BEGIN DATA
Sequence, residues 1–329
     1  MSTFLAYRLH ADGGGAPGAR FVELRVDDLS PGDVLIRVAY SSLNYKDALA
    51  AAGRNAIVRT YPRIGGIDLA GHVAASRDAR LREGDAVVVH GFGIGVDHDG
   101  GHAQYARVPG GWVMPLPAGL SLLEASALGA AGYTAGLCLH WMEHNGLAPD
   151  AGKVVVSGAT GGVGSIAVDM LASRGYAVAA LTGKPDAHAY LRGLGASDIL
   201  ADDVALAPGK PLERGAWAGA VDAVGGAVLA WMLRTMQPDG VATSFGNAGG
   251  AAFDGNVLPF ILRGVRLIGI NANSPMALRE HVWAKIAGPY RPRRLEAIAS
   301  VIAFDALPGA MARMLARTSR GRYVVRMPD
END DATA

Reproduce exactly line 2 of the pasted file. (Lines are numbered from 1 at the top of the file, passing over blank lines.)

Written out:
     1  MSTFLAYRLH ADGGGAPGAR FVELRVDDLS PGDVLIRVAY SSLNYKDALA